Jack Gantos
Jack Gantos is quite a character.  Very lively, humorous, and full of outrageous stories.  I think several members of the audience were quite shocked to hear about how he went to jail for drug smuggling (I already knew this bit of back story).  I probably wouldn’t have chosen to bring it up at a national event in front of hundreds of people… but that’s just me.  Everything came with a dose of humor, and he got quite the round of applause.

Gordon Korman

Middle Grade author, Gordon Korman

Very cool guy.  One of the better speakers of the day.  And this guy’s book output is off the charts.  I loved how enthusiastic he was about the research process when writing books.  He said how research brings in some of the best plot ideas because sometimes the real stuff is too good for even the most creative brain to make up.  And he REALLY made me want to read all of the 39 Clues books.  The way they connect adventure to history and artifacts is too cool.  His advice to writers was to write about what makes you excited.  (I agree!)  Gordon Korman had one of the highest kid audiences of the day  šŸ™‚

Cassandra Clare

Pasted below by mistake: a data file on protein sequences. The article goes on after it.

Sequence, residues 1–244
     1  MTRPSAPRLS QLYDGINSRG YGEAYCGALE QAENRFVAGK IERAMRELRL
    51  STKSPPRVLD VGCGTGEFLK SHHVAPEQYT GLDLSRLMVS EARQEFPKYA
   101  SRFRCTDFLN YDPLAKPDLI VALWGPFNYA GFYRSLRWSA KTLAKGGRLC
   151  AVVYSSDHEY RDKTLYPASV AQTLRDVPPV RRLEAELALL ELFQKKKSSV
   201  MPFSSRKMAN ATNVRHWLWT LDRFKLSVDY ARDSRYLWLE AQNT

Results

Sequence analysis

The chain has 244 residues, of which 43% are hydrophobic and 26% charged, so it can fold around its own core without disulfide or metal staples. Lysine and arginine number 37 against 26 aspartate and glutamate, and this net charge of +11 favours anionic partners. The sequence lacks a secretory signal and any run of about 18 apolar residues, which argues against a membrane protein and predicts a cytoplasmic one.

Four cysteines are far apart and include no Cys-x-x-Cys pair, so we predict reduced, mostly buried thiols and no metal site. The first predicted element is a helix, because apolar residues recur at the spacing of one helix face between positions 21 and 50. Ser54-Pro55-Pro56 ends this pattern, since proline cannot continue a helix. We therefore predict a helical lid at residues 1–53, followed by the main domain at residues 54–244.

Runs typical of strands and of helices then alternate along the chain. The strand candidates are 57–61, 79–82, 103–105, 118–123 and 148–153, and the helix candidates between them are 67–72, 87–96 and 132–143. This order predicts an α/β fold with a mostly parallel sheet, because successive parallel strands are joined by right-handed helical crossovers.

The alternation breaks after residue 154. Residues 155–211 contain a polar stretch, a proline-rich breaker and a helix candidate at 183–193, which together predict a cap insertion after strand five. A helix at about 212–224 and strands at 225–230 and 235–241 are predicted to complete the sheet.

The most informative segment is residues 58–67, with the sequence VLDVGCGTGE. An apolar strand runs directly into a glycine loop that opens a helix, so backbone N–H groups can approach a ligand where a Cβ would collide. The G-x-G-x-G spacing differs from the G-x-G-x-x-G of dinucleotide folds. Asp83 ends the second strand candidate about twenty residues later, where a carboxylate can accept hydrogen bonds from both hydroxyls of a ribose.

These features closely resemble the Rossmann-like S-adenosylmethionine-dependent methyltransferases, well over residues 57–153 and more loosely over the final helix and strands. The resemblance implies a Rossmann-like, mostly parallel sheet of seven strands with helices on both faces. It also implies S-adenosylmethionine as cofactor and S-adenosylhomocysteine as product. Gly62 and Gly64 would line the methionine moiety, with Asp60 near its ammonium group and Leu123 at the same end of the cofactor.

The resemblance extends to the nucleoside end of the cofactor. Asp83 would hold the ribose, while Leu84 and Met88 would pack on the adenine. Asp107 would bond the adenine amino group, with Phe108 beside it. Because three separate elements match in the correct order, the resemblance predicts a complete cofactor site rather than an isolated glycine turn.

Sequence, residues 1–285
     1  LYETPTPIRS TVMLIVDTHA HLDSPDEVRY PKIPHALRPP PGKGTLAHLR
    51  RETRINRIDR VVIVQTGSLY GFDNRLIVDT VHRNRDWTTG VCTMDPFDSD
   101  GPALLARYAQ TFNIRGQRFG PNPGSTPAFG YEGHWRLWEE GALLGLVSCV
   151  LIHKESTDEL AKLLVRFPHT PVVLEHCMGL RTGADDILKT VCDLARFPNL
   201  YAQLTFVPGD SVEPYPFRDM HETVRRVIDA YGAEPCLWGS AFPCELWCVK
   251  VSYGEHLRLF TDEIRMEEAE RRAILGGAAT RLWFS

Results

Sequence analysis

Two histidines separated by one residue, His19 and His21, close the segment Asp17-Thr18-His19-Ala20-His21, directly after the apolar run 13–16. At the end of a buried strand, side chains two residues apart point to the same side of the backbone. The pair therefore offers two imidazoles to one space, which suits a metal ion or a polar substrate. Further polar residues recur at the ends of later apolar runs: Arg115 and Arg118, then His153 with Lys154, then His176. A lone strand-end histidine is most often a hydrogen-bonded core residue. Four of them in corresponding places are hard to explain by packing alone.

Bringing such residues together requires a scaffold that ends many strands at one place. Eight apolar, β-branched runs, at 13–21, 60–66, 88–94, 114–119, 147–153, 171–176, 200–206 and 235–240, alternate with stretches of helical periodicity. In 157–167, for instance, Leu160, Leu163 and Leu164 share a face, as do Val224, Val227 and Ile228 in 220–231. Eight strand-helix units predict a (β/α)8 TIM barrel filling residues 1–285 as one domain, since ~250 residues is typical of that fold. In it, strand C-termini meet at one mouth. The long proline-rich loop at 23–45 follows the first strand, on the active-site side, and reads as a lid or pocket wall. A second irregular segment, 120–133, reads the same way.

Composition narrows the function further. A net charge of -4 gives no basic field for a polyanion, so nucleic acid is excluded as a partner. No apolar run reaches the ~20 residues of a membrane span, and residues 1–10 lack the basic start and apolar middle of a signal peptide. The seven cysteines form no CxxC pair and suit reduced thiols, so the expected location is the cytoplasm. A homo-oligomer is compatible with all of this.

Cassandra Clare was probably the biggest disappointment for me of the weekend.  Her books are great fun if you are looking for an action-packed paranormal read with hints of romance.  I was hoping she’d be great fun, too.  She read from a script in a tired, flat voice that suggested she didn’t want to be there.  When teen girls flocked to the microphones for the Q&A portion and were showering her with praise… she didn’t seem grateful, and didn’t thank the readers for the compliments.  And then there was one off-color comment.  One girl asked if there was anything that was taken out of the books that Clare had wished had stayed in.  And Clare responded that there were several scenes detailing the villain, Valentine, killing masses of children.  And she thought that part was pretty cool and wished her editors hadn’t made her take it out.  Her editors didn’t think people would want to read about children being murdered.  I quite agree with her editors on this one.